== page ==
Primary Plasma Cell Leukemia (pPCL) is a rare form of multiple myeloma (MM) that is characterized by an aggressive disease course with >20% peripherally circulating plasma cells (PCs) and poor clinical outcome. Despite the advances of modern anti-MM therapy, pPCL patients continue to experience low median overall survival (OS) suggesting a distinct biological background. Due to its low incidence of 1-2% of all MM patients, studies on physiopathology remain challenging and are limited.  The aim of this study was to elucidate the differences in biology and outcome between non-pPCL MM and pPCL, to determine the genetic landscape of pPCL and to identify distinct signatures and pathways that potentially could be used as therapeutic targets. In order to achieve this goal, we performed whole exome sequencing (WES) of 19 pPCL patients, which presents the largest pPCL patient cohort reported on to date. We show that pPCL is a highly complex disease that is enriched for adverse risk translocations, such as MAF and MYC translocations. High risk mutations are also more prevalent compared to non-pPCL MM, in particular TP53 and KRAS mutations as well as bi-allelic inactivation of TP53 were frequently seen. These alterations explain – at least in part – the aggressive disease behavior of pPCL. We did not find a mutation specific or pertinent to pPCL that would distinguish it from non-pPCL MM. It rather appears that pPCL is a disease highly enriched in high risk genomic MM alterations. Of all highly prevalent genomic alterations in pPCL, only KRAS mutations offer a potential for already available therapeutically targeting with MEK inhibitors, which should be further explored.

ORAL: Double-Hit, High-Risk Bi-Allelic Inactivation

By Cody Ashby, Ph.D.

Copy number changes and translocations have been studied extensively in many datasets with long term follow-up. The impact of mutations remains debated given the short time follow-up of most cohorts.

To answers this question, we performed targeted panel sequencing covering 140 myeloma specific genes and the translocations loci on 225 newly diagnosed myeloma samples recruited into one of the Total Therapy Trial. The median follow-up of patients was 8.14 years.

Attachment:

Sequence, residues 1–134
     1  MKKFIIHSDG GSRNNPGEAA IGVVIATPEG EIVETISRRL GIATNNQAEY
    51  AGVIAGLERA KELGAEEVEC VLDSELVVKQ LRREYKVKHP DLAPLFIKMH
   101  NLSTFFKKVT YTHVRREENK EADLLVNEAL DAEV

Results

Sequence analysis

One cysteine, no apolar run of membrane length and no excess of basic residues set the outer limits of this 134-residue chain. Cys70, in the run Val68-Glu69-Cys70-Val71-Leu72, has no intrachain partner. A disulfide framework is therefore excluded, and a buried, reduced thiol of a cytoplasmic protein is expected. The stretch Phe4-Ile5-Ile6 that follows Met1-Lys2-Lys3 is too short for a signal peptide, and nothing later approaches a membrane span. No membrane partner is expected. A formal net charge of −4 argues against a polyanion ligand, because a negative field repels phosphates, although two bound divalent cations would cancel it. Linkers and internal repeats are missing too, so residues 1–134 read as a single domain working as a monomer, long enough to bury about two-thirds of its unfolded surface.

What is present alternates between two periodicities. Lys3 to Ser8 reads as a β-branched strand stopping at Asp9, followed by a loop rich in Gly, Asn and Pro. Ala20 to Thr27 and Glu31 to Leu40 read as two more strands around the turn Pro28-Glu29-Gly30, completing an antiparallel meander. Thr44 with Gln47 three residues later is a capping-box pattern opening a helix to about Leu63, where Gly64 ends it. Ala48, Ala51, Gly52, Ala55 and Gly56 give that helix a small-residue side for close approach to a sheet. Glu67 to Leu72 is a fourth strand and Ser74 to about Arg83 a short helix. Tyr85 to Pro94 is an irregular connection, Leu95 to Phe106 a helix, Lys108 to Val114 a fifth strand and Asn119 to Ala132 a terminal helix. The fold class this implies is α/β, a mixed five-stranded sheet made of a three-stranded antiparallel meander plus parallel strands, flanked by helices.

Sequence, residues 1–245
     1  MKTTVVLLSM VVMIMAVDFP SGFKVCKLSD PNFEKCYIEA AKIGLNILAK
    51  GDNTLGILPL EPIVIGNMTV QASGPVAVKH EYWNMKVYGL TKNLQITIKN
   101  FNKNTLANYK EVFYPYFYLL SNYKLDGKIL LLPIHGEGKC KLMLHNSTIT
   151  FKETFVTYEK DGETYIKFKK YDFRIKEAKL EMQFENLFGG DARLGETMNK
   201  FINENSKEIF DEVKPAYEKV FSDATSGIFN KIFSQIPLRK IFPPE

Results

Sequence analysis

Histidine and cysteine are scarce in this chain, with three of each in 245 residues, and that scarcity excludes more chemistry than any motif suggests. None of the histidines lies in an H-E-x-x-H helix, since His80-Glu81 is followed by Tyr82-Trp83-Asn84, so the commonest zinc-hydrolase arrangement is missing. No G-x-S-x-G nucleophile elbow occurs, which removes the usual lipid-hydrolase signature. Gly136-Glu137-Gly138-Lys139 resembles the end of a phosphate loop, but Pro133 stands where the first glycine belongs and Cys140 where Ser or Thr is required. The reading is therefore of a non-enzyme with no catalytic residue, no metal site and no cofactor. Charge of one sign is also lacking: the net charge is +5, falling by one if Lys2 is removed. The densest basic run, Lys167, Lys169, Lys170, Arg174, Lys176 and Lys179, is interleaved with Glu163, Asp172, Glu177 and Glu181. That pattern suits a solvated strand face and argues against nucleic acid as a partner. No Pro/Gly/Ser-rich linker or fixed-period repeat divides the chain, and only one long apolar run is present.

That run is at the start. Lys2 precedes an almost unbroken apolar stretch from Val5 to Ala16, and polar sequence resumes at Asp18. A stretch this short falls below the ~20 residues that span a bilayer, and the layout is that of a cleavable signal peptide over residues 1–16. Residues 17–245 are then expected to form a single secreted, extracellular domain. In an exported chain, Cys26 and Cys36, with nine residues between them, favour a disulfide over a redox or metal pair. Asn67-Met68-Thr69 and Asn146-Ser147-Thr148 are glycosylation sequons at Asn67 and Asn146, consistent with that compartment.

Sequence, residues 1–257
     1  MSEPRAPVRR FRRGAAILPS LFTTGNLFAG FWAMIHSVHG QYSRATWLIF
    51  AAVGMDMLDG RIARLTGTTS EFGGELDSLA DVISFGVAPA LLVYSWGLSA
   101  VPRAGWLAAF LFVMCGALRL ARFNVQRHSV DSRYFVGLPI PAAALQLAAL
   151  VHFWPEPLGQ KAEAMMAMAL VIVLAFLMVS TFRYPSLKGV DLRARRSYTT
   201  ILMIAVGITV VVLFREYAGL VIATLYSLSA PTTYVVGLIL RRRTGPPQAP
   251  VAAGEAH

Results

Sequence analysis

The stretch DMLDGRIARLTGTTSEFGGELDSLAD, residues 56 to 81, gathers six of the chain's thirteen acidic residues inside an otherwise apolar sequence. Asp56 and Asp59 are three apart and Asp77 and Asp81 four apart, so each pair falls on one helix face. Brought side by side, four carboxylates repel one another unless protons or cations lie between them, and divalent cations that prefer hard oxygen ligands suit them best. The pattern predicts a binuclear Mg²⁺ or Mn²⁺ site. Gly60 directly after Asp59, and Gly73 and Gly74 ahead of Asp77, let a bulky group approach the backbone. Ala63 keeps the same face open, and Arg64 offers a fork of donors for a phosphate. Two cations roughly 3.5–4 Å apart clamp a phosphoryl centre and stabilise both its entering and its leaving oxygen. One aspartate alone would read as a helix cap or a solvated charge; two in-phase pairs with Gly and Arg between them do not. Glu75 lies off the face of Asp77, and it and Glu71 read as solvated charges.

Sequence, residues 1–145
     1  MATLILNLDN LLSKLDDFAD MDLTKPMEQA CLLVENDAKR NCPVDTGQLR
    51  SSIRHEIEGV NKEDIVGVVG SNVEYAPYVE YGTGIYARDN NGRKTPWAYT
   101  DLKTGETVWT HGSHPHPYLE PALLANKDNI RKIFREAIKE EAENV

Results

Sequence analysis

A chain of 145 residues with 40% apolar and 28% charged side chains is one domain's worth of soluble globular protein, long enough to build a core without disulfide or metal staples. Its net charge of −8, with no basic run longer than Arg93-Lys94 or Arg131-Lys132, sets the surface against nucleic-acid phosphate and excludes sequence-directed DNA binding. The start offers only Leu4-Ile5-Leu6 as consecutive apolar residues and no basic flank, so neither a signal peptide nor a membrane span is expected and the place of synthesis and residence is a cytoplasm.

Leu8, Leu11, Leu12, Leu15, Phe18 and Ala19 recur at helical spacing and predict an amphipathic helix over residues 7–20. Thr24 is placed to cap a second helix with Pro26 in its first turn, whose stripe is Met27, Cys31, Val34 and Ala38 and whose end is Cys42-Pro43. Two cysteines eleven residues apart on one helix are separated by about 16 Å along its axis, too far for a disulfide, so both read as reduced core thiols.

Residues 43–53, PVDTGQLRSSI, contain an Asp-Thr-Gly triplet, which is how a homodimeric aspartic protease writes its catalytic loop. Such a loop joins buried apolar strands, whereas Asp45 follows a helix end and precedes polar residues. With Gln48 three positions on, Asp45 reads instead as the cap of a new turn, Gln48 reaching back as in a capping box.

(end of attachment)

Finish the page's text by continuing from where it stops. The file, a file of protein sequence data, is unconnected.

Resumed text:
We thus confirmed the prognostic impact of the previously published “Double-Hit” whereby a high risk group is defined by either Biallelic TP53 inactivation or Amplification of CKS1B (≥ 4 copies) on the background of ISS III. Double-Hit comprises 8.5% of newly diagnosed MM patients and was associated with a poor outcome in terms of EFS and OS on univariate analysis.

Double Hit, BRAF and DIS3 mutations were independent markers of outcome alongside classical risk factors. Regarding BRAF, we were able to identify both V600E and non-V600E mutations, 58% of which were predicted to be hypo or inactivating. Interestingly, 47% of the inactive or hypoactive BRAF patients showed co-occurring alterations in KRAS, NRAS, and activating BRAF.

Overall, these data highlight the importance of mutational screening to better understand NDMM and may lead to patient specific mutation-driven treatment approaches


POSTER: Predicting the progression of smoldering to symptomatic myeloma in the era of novel IMWG criteria

By Eileen Boyle, M.D.

Despite novel International Myeloma Working Group (IMWG) criteria, Smoldering Myeloma (SMM) remains a heterogeneous disease for which correctly identifying patients that will eventually progress to myeloma (MM) is essential. The genetic and molecular factors that underlie disease progression are not well elucidated, therefore, we examined samples from SMM patients in order to identify molecular determinants of progression.

Targeted sequencing consisted of 140 genes and additional regions of interest for copy number, as well as tiling of the immunoglobulin and MYC loci for detection of translocations.

SMM appears less complex than MM with fewer mutations and copy number changes than MM. The nature of mutations and copy number changes are similar but differed in frequency with evidence for MAPK, NF-κB and DNA-repair pathway alterations.

The 5-year progression rate is 37% with no plateau suggesting an ongoing risk for progression.

KRAS mutations, del(1p), del(14q), and TP53 alterations can be used alongside GEP4 or classical tumor burden feature to predict outcome The presence of either event will translate in a 3.74 hazard ratio resulting in a median PFS of 4-year.

Overall we showed that we could identify molecular determinants of outcome in SMM that could help towards precision medicine.